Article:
Are your employees struggling with mental health after the lockdown delay?

employee mental health iris blog | Are your employees struggling with mental health after the lockdown delay?
By Anthony Wolny | 2nd July 2021 | 3 min read

The lockdown delay came as a blow to many people who have been stuck at home for over a year, with the novelty of remote working wearing off for some due to the extended isolation.

What started as an opportunity for more time at home and the removal of many peoples’ tiresome commutes to the office has now spiralled, bringing its own pitfalls.

Factors such as longer working hours and feelings of isolation have quickly become sore points for employees, and as contact with colleagues remains drastically scarce, it’s unsurprising that many employers are struggling to pick up on signs of strain.

In this blog, we’ve identified five indicators relating to employee mental health that you need to look out for, so you can help alleviate the burden for those struggling with remote working.

1) Visual signifiers

When spending the day alone – working from home – for many people, it doesn’t make sense to always be wearing the same formal attire that we wore to the office.

It’s so common that people are now referring to wearing a smart top with casual bottoms on video calls as the modern-day mullet – business on the top, chill on the bottom.

Wearing casual clothes or going makeup-free isn’t a sign for alarm, but if someone does appear to be tired or their surroundings don’t look positive, it might be worth asking them about their wellbeing.

2) Drop in enthusiasm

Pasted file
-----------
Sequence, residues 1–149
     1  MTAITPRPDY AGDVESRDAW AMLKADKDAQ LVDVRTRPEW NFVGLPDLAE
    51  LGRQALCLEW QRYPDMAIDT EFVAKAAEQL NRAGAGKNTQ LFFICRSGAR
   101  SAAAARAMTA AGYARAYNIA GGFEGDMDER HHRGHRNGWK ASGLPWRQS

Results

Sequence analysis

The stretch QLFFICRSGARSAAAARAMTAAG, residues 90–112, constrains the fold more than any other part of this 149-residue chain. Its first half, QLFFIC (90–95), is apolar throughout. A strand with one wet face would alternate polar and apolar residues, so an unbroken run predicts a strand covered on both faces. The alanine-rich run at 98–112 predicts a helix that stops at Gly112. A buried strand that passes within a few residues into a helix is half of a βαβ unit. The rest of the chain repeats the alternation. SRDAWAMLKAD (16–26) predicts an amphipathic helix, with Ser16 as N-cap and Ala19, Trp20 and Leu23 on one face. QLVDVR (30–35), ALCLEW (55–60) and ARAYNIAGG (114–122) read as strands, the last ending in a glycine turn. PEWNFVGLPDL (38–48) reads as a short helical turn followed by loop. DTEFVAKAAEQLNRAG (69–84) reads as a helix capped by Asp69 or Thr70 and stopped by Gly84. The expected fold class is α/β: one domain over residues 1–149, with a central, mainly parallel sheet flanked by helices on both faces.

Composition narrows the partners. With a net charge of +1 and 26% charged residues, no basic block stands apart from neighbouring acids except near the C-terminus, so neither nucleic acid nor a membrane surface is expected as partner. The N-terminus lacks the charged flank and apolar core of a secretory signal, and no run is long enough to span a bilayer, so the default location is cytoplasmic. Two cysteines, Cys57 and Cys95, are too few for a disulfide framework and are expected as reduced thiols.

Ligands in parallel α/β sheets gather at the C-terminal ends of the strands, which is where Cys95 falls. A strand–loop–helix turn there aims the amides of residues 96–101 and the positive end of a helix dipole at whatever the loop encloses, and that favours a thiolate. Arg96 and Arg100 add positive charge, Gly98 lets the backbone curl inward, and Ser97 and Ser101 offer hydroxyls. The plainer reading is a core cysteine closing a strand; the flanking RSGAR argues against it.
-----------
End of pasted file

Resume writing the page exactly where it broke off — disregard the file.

A drop in enthusiasm isn’t solely related to work as it can also impact peoples’ free time.

Especially as the pandemic has made it challenging for people to live their life to the fullest.

Is someone you work with who was previously brimming with excitement regarding each project, or what they did over the weekend suddenly quiet and distant?

Make sure you check in with people to see how they’re doing both during and outside of working hours.

If you’re worried, consider creating a virtual gathering or set up a book club – anything to get people talking or interacting will do wonders for morale.

3) Lack of communication

A breakdown in communication can happen for a number of reasons – perhaps they’re overwhelmed or disengaged.

Either way, when communication with your employees stops, that’s usually a tell-tale sign of burnout.

Keep an eye out for anyone who is avoiding calls/emails or short responses, as a lack of communication can directly relate to someone struggling.

4) Unable to switch off

As work and home are the same place, many of us are struggling to switch off.

Have you noticed someone sending emails outside of working hours? Is an employee always available, even during their lunch hour?

If an employee is working too much and not taking sufficient breaks, it can quickly lead to burnout and poor mental health, so be sure to watch out for this behaviour.

5) Issues with performance

If you’ve noticed a dip in performance, that typically can be a result of employees being overworked.

Or for some people, their issue may not directly link to work, but it’s resulting in a performance decline, for example, their life feeling like it’s on pause.

To combat this, consider offering people some added training and progression to reignite their spark – it’s amazing what learning a new skill can do for workplace motivation.

How IRIS can help

When it comes to supporting your people, having HR software that can adapt and be tailored to your needs is crucial.

Our cloud-based HR software, IRIS HR Pro, utilises a modular approach so you can mix and match different modules, ensuring you have what you need to support peoples’ mental health.

Whether you require tools for training, development, or performance, IRIS HR Pro can help.

For more information and to request a demo, click here.